Case Western Reserve University School of Medicine student Emily Manning poses in a white coat

On the way home from taekwondo class, 8-year-old Emily Manning’s world was upended: Her mom suffered a seizure and drove into a ditch, leaving Manning calling for help on the roadside. Shortly after, her mother had a stroke and, later, was diagnosed with HIV. At age 14, Manning became the sole caretaker for her mother, living “on the poverty line.”

“This infiltrated pretty much every aspect of my life,” Manning said, whether it was paying for groceries, juggling school, work, and caretaking, or seeing the healthcare disparities her mother faced as a woman with low income. Still, Manning became the first in her family to graduate high school, before earning a bachelor’s in public policy analysis from the University of North Carolina at Chapel Hill and a master’s in physiology from North Carolina State University.

When it came time to apply to medical school, Case Western Reserve was the first to “really embrace me for my personality and my experiences,” Manning said. “I had been told throughout my life that because I was low-income, maybe I shouldn’t apply to college, and maybe medicine wouldn’t be the best fit for me. But Case [Western Reserve]’s admissions team looked at me for me and said, ‘What do you need to succeed?’”

Now in her fourth year, Manning has not only succeeded in the classroom and in clinical, but she’s also enhanced the school’s community, developing a mentoring system, serving on a team to improve the curriculum, serving on the alumni diversity committee, and leading a first-generation club for students whose families are new to medicine. After graduation, she hopes to study and combat healthcare disparities related to gender and low socioeconomic status, or even work in academic medicine to build pipeline programs for low-income students looking to enter medicine— like she once was.

“I lived on the other side of medicine where I was the caretaker, sleeping in the vinyl chairs. I know what it means to hang on to every word the physician says,” said Manning, who is applying for internal medicine residencies. “That’s something that really informs the way I practice. I can’t fix everything, but I might be able to make one person’s day a little bit better.”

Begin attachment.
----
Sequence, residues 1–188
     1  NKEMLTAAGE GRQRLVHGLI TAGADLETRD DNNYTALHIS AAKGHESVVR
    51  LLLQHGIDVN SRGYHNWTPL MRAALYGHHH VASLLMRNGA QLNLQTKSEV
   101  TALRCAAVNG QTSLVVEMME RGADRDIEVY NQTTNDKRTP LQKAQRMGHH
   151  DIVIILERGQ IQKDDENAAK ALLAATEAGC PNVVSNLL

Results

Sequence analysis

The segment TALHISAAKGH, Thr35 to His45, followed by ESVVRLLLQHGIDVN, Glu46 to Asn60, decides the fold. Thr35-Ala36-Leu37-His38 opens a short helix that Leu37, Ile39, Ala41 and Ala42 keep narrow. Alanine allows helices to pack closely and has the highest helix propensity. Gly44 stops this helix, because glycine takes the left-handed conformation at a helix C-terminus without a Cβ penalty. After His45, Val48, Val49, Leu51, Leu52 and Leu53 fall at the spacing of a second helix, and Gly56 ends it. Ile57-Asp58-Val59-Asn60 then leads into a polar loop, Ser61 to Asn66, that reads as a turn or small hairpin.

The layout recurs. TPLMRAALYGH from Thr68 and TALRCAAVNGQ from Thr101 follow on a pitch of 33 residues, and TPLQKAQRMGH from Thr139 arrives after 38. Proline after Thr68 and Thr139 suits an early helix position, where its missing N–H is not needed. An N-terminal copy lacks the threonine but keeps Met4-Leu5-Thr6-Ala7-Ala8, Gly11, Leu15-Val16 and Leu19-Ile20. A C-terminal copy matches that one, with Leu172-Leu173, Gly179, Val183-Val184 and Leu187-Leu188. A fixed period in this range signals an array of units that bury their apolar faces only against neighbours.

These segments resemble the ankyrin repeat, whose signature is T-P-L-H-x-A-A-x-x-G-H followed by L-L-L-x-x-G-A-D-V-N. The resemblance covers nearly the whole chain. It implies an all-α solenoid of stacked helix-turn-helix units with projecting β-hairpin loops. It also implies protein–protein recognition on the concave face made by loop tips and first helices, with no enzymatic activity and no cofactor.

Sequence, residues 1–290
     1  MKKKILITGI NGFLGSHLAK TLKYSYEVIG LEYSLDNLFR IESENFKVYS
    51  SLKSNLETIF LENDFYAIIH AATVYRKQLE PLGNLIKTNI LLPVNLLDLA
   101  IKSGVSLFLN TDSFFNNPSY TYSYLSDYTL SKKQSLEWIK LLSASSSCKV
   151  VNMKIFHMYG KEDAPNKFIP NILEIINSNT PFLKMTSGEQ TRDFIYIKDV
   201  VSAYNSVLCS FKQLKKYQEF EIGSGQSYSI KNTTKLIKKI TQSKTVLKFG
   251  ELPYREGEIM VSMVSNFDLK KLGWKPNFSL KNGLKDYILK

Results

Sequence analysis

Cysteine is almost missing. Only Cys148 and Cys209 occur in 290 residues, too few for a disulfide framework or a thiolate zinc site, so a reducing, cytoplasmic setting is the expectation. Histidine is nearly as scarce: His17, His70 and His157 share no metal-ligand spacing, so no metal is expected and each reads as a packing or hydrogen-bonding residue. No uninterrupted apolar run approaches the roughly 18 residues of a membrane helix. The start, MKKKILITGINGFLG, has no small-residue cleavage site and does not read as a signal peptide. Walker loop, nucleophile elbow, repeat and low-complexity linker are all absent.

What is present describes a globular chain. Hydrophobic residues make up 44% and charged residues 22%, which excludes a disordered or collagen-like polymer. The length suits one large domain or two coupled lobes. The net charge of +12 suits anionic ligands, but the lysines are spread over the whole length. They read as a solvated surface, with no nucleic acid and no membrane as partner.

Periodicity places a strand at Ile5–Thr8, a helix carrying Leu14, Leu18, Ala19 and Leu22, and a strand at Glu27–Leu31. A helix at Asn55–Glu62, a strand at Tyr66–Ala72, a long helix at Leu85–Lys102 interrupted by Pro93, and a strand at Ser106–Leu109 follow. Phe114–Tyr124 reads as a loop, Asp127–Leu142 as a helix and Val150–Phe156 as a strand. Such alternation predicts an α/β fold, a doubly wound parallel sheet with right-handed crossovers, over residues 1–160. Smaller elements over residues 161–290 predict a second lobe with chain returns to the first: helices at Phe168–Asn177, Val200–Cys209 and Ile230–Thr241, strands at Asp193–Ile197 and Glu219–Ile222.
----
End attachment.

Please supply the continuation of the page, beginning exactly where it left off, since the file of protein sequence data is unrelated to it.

Derek Lake

Master of Science in Translational Pharmaceutical Science

Case Western Reserve University School of Medicine student Derek Lake poses

Derek Lake was summiting a mountain in South America when he realized he wanted to pursue a career in medicine.

Well, perhaps it wasn’t that precise moment. But as Lake was backpacking from Mexico to Patagonia—often volunteering as an emergency medical technician to accompany climbers on their mountaintop quest she saw the disparities plaguing certain regions, especially related to healthcare access.

He knew medicine was how he could make a difference.

Five years later, after earning a bachelor’s degree in biomedical sciences and gaining extensive genomics research experience at Northern Arizona University, Lake is pursuing one of CWRU’s newest degree offerings, the Master of Science in Translational Pharmaceutical Science.

As Lake expands his pharmaceutical, bioinformatics and entrepreneurial knowledge in the program, he has quickly jumped into the opportunities available: He’s a researcher in a pharmacology lab working on protein purification and cryo-electron microscopy, he’s part of the National Institutes of Health’s I-Corps entrepreneurship training program, and he’s a Case Venture Mentorship Program fellow.

Just a few months into the master’s program, Lake has gained invaluable experiences whether networking with pharmaceutical company founders, working in a wet lab, or learning how to conduct market research.

“I’m looking to apply my research in the real world,” Lake said, “and this program has already given me the practical, applicable skills to do exactly what I want to do.”

His goal: returning to Mexico to open a precision medicine clinic working to improve the healthcare disparities he’d witnessed years ago.